Was mostly about Ben Bernanke and the path of macro conditions he chose for the coming month. So QE could be gone for good sometime next year, given supporting data, that we are now waiting for under sweat and tears. read Alphaville
In fact, Bernanke himself could be gone as well, as Obama indicated that the chairman could retire in the near future. read Financial Times
Economists polled by Bloomberg now suggest that the cutting will begin in September, to be finished by June 2014. A tight schedule considering when the rumors started. read Bloomberg
And if that’s not enough for you, there is always China and the fear of worse days ahead, pointing towards a credit squeeze. In short (by WSJ):
Early Friday, rates in China’s money markets fell sharply on rumors that Beijing had ordered its big banks to loosen up cash. Still, they remain more than double than average for the year, and the turbulence suggest continued uncertainty in the market in coming days.
Probably equally noteworthy was the G8 meeting in Northern Ireland, the possibly biggest take-away from which was that Barack Obama kept referring to George Osborne as “Jeffrey Osborne“. read Financial Times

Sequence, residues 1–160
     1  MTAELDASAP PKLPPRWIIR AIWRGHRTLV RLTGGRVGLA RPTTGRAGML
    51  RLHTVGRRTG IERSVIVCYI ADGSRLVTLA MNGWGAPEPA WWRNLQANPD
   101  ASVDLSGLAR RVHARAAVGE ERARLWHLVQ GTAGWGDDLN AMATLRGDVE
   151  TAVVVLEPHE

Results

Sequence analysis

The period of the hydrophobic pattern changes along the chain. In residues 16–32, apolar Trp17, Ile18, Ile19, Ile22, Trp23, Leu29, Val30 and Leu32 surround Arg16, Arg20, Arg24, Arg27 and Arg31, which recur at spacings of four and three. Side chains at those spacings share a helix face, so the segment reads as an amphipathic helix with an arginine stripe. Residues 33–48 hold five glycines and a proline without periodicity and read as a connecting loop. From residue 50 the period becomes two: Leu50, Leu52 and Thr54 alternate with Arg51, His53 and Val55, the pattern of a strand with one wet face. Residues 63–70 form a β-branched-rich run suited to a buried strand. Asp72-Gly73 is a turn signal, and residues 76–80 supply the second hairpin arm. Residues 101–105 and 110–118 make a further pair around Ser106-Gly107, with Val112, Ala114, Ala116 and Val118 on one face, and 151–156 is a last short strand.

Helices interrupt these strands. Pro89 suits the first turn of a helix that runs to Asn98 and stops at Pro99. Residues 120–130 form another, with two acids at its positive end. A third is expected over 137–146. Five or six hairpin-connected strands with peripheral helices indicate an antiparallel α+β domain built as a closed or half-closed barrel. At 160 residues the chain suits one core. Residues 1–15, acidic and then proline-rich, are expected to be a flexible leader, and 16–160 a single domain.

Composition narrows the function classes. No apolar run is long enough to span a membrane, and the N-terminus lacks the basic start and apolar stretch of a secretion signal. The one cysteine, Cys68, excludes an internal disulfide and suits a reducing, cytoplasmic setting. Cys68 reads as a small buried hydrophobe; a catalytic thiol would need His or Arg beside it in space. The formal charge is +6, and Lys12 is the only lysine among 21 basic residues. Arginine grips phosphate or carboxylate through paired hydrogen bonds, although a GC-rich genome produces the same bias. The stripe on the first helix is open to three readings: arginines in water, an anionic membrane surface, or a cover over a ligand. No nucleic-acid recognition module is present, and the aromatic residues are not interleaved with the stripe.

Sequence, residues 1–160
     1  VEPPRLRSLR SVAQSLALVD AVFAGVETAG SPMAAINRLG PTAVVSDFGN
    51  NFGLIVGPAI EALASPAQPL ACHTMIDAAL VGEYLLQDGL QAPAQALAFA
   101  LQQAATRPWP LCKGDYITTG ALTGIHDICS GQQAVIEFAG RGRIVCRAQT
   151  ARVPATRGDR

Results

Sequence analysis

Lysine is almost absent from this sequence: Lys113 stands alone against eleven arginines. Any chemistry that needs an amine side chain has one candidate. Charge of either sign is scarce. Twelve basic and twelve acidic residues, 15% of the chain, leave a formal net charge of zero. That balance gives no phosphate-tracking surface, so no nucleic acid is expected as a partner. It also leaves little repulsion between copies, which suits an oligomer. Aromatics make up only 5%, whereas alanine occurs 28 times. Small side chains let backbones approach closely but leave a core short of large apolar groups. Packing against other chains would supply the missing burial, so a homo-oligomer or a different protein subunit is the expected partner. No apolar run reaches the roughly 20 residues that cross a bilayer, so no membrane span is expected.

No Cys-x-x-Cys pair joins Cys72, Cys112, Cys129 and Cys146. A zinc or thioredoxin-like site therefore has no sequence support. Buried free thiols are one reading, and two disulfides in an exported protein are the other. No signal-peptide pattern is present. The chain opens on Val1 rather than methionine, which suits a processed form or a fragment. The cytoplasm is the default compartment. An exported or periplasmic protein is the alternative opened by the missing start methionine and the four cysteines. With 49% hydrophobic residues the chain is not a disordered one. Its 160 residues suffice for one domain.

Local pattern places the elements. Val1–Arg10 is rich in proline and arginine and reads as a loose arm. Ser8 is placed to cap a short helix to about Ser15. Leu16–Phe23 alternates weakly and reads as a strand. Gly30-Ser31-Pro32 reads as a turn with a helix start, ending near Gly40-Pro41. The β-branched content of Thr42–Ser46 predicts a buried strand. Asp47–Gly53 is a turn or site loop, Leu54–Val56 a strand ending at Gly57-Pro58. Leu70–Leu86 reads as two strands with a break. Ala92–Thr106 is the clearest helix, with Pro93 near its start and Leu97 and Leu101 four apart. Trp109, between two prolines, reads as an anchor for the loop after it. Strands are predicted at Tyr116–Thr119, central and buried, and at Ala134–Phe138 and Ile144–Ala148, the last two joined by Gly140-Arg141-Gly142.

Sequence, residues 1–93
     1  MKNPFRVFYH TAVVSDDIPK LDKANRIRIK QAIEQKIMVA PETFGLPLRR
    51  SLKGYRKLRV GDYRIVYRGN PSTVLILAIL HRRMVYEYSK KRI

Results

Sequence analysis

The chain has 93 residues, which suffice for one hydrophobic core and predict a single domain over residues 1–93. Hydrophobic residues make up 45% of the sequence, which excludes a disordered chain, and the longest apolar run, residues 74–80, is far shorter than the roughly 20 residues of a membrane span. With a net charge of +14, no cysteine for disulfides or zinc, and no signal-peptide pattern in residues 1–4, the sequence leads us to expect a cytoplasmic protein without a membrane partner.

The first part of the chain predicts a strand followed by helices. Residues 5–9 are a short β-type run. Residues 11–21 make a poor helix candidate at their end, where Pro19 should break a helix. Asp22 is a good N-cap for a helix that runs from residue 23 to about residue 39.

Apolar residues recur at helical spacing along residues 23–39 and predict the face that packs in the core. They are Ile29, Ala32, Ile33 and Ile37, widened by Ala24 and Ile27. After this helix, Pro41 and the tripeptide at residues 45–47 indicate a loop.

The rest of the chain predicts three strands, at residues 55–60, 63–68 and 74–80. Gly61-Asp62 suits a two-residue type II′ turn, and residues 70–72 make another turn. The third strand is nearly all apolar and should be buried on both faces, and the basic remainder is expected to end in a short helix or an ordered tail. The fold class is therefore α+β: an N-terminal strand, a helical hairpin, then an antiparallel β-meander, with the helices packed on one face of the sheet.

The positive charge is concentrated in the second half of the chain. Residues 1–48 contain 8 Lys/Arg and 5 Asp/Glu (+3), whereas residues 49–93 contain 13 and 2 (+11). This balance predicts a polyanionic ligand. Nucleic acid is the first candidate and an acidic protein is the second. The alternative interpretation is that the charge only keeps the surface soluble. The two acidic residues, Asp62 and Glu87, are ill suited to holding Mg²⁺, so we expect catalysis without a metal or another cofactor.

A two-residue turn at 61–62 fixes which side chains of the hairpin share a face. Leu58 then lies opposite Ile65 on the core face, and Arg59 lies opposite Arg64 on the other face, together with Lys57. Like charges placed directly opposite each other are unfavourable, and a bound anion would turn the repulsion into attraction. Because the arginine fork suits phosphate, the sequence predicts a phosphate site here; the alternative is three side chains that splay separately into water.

Jeffrey Osborne himself, an American soul singer, proceeded to offer George a duet, which was turned down because the Chancellor neither laughs nor sings. read BBC
In Turkey, things are getting interesting for bankers, Erdogan‘s new found enemy. According to the prime minister, the recent crisis was due to the “interest-rates lobby” trying to push yields up. To put this in perspective, the words “blood-sucking” were used, although government officials refrained from sea food comparisons. read Bloomberg
The US brings us June consumer confidence data (Tuesday), which is expected to have dropped from May, while consumer spending (Thursday) is meant to have increased slightly; the latest first quarter GDP reading will come in on Wednesday and is expected flat at 2.4%. Jobless claims are published on Thursday morning.
There is whole array of business climate and consumer confidence indicators as well as inflation data due in Europe, including Germany, France, Italy and the eurozone as such are, while the UK is also reporting first quarter GDP growth and the current account deficit.
Japan is due to report on unemployment and indeflation. On Wednesday, Japan reported higher May exports than expected, export value increased the most since 2010, indicating that Abenomics are working. And you say currency wars do no good. On that note, read Bloomberg
Have a good one.